In excerpts from a conversation, he talks about his journey and the importance of staying curious.
As an architect, you specialise in restorative acoustics. What drew you to this aspect of architecture?
In school in Ahmedabad, I developed an appreciation for handicrafts and working with my hands. In architecture college, we studied vernacular spaces of sound: old Indian worship or performance spaces. We toured such places in Kerala, chanting rooms in Assam, Buddhist monasteries, and churches in Goa.
When people restore a space, they don’t realise that changing the material affects many other things, including the acoustics and the way sound reverberates, etc. I saw this in a bad way in the Buddhist monasteries in Arunachal Pradesh, where restoration had massacred the character of the place. It introduced me to restorative acoustics: the notion that acoustics can be measured and used to improve a place.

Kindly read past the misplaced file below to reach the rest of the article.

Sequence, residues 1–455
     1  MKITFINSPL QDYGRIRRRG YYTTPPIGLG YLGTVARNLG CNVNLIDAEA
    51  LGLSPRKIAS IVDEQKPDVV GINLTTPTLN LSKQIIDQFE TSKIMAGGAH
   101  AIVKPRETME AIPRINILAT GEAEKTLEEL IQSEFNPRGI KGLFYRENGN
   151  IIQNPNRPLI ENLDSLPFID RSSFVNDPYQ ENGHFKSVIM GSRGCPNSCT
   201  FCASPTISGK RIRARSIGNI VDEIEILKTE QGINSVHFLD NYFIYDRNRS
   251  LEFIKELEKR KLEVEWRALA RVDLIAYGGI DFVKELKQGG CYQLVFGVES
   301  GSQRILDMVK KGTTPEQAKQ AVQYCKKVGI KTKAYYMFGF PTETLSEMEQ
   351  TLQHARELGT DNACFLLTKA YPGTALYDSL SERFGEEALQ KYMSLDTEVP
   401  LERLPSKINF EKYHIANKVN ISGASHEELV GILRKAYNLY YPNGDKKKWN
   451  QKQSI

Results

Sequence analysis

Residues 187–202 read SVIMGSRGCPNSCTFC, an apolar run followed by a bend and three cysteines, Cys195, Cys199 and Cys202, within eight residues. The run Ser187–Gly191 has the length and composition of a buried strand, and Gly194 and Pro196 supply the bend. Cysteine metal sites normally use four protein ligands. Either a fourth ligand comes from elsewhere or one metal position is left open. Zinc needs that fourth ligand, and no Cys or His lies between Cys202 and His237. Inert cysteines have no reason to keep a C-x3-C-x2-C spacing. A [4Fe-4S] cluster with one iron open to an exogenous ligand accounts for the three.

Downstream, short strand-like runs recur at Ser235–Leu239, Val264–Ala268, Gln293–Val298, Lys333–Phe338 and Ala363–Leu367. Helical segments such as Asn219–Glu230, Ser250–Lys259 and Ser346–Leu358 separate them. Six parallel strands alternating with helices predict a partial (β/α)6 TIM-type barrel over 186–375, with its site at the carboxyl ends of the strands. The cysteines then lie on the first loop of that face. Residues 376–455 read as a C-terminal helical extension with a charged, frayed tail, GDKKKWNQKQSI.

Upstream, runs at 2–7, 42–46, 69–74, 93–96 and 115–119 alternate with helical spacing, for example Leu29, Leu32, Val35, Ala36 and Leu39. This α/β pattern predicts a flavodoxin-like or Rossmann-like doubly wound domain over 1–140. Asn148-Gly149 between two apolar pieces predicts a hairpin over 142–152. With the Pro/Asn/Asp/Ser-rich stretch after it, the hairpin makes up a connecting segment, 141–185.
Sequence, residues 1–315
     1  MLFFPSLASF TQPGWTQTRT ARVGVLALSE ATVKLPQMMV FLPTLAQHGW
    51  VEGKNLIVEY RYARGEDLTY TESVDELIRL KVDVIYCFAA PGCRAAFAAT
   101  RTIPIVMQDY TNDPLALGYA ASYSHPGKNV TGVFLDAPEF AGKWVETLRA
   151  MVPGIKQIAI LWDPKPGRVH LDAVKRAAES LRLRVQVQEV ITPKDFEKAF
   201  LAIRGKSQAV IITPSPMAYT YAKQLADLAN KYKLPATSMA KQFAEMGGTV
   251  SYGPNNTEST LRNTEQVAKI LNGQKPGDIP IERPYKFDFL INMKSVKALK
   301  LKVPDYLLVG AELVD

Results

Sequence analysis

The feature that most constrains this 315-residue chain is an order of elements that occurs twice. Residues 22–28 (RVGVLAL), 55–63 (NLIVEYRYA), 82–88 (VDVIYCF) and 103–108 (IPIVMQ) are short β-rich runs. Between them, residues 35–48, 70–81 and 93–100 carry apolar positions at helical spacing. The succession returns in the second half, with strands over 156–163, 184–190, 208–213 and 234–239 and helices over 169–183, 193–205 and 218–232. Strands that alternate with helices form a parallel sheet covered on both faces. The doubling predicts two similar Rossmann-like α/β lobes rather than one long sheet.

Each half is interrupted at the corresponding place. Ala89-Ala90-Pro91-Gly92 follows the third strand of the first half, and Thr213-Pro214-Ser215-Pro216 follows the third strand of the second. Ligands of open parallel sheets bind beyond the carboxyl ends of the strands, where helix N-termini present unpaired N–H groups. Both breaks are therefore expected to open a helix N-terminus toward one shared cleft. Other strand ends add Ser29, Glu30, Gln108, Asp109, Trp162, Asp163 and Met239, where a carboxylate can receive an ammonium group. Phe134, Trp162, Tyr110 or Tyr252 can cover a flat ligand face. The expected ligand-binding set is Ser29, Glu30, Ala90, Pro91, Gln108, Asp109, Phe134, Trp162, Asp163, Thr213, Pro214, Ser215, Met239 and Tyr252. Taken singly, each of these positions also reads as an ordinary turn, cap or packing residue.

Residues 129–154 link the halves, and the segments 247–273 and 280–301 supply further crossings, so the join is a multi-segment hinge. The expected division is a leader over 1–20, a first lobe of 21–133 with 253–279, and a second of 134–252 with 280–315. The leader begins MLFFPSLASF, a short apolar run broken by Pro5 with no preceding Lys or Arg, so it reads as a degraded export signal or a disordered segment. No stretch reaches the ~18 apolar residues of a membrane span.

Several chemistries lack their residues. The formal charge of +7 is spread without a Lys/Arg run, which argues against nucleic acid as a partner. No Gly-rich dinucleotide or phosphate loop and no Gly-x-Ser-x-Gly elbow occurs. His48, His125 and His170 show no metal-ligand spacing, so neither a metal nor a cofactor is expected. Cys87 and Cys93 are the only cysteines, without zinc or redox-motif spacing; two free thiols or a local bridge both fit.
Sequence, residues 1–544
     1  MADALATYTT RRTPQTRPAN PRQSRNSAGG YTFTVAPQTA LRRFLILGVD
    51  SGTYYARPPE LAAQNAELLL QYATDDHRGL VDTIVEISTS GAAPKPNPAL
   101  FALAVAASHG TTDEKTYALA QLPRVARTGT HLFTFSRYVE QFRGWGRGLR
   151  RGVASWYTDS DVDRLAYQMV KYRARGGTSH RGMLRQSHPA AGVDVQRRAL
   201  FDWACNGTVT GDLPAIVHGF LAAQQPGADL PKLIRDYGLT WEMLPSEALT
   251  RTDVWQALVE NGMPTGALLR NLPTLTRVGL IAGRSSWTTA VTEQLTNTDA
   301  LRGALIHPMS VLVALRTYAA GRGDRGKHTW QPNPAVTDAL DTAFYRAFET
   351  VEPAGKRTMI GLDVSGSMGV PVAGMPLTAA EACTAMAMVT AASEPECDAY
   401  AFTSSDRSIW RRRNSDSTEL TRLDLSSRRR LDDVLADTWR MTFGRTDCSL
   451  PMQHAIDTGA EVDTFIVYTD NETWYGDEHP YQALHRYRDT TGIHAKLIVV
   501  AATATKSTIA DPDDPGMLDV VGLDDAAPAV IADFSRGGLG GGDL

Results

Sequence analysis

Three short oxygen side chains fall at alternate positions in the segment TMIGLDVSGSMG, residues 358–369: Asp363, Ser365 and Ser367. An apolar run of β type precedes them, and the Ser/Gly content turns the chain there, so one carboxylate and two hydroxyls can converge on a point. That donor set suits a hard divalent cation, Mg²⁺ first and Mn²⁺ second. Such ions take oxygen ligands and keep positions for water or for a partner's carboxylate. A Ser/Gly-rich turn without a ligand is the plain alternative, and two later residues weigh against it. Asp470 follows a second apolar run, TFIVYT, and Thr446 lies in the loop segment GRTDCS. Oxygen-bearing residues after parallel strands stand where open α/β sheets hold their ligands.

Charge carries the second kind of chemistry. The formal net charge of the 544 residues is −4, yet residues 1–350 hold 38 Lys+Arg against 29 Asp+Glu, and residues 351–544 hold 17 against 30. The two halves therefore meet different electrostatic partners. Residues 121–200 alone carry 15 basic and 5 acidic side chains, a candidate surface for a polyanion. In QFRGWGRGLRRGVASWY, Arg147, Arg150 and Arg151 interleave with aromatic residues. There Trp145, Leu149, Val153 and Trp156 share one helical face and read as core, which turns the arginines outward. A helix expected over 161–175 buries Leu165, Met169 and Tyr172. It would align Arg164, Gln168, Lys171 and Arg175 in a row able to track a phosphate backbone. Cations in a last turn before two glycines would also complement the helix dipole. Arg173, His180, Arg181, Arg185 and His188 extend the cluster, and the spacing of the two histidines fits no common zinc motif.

My guide at the time was from Goa and was involved in a few restoration projects. So I was naturally drawn to it.
What influenced your decision to move to Goa?
In my first year of college, I would visit Goa to work for an architect here. It became my home away from home. In 2011, when I graduated, Goa was the obvious choice. But I didn’t see it as a tourist destination. I didn’t go to the beach or attend parties. I kept busy with work, interacting with locals, and trying to understand the culture. It was a place with a bunch of cool people open to my ideas.
My research guide, Dr Fr. Allan Tavares [PhD in physics], was here. Between us, we covered the science and the aesthetics of sound. We worked together, writing academic papers, presenting them at conferences and providing information to real-time practitioners.